SI Digi Blog
Thursday, May 8, 2014 - 14:23
On April 15, 2014 sixteen wooden crates containing the Nation’s T. rex arrived at the National Museum of Natural History from Montana. While the curators are carefully unpacking the crates, and performing a condition evaluation, the Smithsonian X 3D scanning team is making digital models of the bones. We are using handheld 3D scanners to capture high-resolution surface and color information from each bone. We’re scanning the entire T. rex, so it will take time—there are more than 200 bones and the T. rex requires careful handling.
Tuesday, May 6, 2014 - 10:09
Here’s the challenge laid out in very simple terms—this a traditional flatbed scanner: Depending on the resolution, a single scan can take a while. Let’s be optimistic and call it 5 minutes. This is a traditional photo studio setup:
Thursday, May 1, 2014 - 14:02
The Smithsonian Institution's Digitization Program Office (DPO) establishes metrics which track digitization progress across the Smithsonian, and implements policy for the creation, management and oversight of millions of Smithsonian digital assets.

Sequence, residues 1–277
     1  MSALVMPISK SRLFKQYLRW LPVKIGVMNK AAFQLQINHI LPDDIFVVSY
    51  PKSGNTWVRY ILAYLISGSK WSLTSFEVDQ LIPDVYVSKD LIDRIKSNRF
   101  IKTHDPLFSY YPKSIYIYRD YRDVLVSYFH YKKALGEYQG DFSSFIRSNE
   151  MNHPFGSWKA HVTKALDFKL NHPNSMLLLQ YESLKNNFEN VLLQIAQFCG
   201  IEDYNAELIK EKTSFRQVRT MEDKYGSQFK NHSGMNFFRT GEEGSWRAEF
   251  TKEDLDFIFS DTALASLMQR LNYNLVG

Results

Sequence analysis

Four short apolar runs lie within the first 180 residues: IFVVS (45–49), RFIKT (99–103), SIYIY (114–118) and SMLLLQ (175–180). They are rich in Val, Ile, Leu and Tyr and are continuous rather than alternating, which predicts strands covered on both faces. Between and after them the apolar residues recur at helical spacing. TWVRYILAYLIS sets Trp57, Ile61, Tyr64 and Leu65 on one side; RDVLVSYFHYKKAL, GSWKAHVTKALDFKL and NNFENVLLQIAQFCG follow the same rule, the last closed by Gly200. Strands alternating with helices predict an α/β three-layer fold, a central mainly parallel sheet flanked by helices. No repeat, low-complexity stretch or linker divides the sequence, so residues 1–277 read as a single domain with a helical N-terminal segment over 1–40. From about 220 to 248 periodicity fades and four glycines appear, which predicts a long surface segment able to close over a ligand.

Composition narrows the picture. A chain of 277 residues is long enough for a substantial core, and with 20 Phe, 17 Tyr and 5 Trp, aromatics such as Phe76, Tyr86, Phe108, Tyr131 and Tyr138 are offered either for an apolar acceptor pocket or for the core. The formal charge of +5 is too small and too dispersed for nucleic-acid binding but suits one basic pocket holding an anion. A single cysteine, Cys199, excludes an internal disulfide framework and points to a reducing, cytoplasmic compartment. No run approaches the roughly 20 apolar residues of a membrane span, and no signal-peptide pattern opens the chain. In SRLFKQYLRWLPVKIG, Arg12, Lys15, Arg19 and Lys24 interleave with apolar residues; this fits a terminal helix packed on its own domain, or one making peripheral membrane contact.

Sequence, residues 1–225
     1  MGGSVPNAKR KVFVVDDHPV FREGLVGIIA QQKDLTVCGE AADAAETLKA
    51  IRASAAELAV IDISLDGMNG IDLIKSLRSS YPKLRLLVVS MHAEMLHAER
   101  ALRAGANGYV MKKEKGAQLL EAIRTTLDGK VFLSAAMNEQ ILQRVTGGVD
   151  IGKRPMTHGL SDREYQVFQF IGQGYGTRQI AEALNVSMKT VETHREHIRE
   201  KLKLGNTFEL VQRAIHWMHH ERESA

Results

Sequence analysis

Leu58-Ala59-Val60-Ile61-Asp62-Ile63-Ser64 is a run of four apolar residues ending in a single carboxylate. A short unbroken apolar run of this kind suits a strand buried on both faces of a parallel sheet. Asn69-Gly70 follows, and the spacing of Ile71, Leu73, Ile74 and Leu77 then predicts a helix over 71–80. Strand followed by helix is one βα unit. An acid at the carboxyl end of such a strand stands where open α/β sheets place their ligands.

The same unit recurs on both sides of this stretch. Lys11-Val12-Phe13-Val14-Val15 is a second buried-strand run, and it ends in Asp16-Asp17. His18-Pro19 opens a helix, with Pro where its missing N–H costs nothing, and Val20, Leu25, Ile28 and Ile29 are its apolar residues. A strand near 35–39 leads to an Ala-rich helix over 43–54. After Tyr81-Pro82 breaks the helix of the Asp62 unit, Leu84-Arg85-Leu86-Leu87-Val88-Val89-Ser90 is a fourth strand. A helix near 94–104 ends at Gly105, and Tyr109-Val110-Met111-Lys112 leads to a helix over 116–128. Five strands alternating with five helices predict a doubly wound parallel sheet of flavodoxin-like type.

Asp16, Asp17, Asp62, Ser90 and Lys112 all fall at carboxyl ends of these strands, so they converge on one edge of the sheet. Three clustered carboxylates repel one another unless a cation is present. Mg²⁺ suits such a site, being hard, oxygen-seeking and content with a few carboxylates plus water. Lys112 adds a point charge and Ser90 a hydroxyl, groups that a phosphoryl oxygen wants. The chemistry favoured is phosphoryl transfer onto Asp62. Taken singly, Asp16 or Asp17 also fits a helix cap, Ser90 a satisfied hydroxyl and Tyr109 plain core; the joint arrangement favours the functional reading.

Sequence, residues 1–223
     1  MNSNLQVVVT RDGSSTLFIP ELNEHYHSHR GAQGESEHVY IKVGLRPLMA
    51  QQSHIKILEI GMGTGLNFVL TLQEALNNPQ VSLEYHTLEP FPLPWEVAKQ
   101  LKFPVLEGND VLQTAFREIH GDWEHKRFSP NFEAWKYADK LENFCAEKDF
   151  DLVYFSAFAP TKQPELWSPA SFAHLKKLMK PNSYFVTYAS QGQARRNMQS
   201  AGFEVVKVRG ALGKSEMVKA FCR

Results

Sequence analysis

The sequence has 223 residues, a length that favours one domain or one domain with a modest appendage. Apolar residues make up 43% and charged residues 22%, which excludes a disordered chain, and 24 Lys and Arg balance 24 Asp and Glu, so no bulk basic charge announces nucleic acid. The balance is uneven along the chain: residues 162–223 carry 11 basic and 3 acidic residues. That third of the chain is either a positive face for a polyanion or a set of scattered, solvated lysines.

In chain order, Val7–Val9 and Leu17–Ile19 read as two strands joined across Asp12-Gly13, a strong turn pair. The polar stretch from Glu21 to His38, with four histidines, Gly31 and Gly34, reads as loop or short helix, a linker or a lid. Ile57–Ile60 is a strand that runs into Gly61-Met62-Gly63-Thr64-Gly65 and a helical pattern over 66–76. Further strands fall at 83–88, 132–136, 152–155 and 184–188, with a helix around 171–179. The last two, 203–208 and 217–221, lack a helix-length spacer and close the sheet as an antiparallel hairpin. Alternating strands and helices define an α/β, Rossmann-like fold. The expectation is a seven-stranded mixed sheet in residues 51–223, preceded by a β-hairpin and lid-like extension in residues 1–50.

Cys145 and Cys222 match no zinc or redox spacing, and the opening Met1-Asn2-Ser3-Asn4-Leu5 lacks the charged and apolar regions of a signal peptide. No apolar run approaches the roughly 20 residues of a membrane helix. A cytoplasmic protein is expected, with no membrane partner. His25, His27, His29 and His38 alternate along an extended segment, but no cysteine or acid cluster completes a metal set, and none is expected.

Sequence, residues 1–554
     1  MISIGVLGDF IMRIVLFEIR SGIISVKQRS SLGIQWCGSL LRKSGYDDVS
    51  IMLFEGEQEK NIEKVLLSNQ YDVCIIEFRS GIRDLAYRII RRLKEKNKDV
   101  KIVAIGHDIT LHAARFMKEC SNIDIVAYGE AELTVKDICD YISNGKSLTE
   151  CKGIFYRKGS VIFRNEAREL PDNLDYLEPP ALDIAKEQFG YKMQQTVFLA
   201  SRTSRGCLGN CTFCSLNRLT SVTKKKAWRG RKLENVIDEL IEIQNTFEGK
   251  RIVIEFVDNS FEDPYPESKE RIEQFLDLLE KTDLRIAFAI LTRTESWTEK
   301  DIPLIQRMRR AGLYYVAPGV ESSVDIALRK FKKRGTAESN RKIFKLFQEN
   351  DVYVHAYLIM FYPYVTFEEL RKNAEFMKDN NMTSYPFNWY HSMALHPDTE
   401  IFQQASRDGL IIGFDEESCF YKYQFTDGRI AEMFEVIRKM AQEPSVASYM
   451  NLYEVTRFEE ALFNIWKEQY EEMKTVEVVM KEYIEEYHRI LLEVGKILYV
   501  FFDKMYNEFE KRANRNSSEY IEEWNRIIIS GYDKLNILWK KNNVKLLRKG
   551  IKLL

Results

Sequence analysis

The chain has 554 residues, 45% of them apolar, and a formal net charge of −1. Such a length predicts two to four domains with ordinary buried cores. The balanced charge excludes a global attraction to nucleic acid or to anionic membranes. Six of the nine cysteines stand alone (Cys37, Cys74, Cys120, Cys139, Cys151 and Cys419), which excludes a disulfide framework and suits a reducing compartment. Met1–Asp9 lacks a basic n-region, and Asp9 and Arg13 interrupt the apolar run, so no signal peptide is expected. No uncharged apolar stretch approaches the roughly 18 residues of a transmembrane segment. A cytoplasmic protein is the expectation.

Wednesday, April 30, 2014 - 04:45
The Digitization Program Office (DPO) was founded to “integrate digitization into the core functions of the Smithsonian,” as the inaugural digitization strategic plan eloquently states. With 138 million objects and specimens, 157 thousand cubic feet of archival materials, and 2 million library volumes, all of which are housed in 41 facilities, 19 museums and 9 research centers, the scale and diversity of Smithsonian collections presents a unique digitization challenge.